Abdul Ghafur Aiteqad, publisher of the privately-owned weekly Farda (Tomorrow), was freed on 23 December after President Karzai returned to Kabul. He had been held for four days in a small cell with eight common law prisoners.
The shutdown by security police in Jalalabad of that city’s only cable TV operator, on the orders of the conservative Supreme Court, has been confirmed.
Reporters Without Borders (Reporters Sans Frontières) expressed its grave concern today about this week’s ban by the Afghan Supreme Court on foreign TV broadcasts by the city of Jalalabad’s only cable company and the arrest of an editor who published a cartoon of President Hamid Karzai.
"Simply saying one supports press freedom does not guarantee it," said Reporters Without Borders secretary-general Robert Ménard in a letter to information and culture minister Sayeed Makhdom Raheen. "We ask you to see that the editor is released and that the cable TV company can operate freely. We do not understand how a cartoon of the president and the showing foreign films undermine national security."
The Supreme Court, which is controlled by conservatives close to the fundamentalist Jamat-e-Islami party, ordered the authorities in the eastern city of Jalalabad on 18 December to stop the local Afghan Cable TV company from relaying foreign stations, especially Indian ones, which it said broadcast programmes that were "contrary to Afghan customs." Provincial officials, notably police chief Ajab Shah, has reportedly since closed down the cable operation.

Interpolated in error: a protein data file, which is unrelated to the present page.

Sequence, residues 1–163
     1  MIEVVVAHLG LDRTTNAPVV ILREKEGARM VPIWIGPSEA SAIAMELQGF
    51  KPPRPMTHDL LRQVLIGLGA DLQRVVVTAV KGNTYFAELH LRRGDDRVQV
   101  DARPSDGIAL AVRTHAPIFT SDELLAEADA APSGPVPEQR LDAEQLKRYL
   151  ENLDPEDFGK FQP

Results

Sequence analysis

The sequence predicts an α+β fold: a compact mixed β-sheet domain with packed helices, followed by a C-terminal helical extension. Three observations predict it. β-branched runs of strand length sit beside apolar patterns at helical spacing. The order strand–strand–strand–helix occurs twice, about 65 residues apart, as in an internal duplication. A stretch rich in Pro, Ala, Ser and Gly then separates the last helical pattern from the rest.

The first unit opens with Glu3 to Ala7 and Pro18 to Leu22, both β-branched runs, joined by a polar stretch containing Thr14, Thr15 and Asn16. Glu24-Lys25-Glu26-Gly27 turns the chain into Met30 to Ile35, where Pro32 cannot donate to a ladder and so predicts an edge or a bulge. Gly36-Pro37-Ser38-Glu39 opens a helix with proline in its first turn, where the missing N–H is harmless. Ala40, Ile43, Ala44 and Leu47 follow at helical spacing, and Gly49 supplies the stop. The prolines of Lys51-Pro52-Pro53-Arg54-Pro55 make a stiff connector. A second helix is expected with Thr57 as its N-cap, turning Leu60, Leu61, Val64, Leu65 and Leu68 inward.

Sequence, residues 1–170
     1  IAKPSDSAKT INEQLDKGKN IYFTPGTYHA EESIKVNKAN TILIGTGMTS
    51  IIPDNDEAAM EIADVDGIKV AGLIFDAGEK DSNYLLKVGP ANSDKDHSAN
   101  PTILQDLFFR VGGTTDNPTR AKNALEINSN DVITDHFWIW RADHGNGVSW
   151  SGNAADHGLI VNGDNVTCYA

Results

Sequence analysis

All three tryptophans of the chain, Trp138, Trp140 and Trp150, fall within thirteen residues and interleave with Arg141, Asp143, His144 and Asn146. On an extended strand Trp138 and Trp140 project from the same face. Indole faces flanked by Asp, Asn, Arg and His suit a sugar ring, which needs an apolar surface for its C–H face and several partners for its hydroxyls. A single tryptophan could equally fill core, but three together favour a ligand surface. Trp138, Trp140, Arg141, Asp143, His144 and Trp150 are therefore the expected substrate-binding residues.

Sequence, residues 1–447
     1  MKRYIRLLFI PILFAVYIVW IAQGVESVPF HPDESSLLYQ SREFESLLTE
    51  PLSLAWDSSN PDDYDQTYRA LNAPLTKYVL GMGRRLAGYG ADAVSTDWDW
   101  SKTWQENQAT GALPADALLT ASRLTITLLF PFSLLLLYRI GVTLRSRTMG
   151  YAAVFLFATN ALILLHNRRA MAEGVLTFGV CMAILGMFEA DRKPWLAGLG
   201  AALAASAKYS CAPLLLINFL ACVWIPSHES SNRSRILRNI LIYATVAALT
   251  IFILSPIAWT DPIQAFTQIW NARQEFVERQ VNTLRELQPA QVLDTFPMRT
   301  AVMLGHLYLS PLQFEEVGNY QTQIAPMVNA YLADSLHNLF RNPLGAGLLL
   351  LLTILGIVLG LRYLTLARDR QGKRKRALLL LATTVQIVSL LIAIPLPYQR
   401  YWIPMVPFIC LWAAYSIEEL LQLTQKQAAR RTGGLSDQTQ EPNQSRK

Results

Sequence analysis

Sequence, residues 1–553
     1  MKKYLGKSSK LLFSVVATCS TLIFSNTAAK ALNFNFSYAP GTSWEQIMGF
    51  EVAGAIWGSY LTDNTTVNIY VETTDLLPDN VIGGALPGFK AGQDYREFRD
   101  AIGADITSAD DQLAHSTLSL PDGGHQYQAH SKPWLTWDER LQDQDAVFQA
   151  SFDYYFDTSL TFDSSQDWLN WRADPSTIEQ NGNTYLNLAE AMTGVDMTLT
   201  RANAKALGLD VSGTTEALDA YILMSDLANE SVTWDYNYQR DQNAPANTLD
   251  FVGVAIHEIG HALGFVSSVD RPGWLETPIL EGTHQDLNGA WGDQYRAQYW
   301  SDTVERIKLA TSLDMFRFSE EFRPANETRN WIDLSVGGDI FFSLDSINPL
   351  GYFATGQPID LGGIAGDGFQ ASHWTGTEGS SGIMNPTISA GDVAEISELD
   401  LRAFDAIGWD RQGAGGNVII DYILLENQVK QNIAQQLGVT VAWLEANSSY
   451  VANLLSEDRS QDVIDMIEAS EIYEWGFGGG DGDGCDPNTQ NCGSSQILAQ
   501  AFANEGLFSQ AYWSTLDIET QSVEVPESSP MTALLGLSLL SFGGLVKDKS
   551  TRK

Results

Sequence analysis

Anonymous leaflets have circulated in the city in recent weeks calling for the company’s shutdown. Its director, Muhammad Humayan, told a Reporters Without Borders representative in October that the firm had already connected 600 households in the city after getting permission to operate. But he said he exercised self-censorship by not relaying stations with vulgar or obscene material.
Abdul Ghafur Aiteqad, editor of the privately-owned weekly Farda (Tomorrow), was arrested on 19 December at his office in Kabul after publishing a cartoon on 15 December showing President Karzai playing a harmonium and singing "Reconstruction! Reconstruction!" before a group of Westerners who were dancing and brandishing dollar bills.
The UN representative in Afghanistan, Lakhdar Brahimi, was shown at the microphone saying: "Soon we’ll have another World Bank money-borrowing ceremony-but with interest to pay." The editor’s arrest was reportedly ordered by defence minister Marshal Mohamed Fahim.
Farda is one of 130 privately-owned publications that have sprung up in Kabul since the Taliban regime collapsed. Reporters Without Borders issued a report in October called "Press freedom a year after the fall of the Taliban."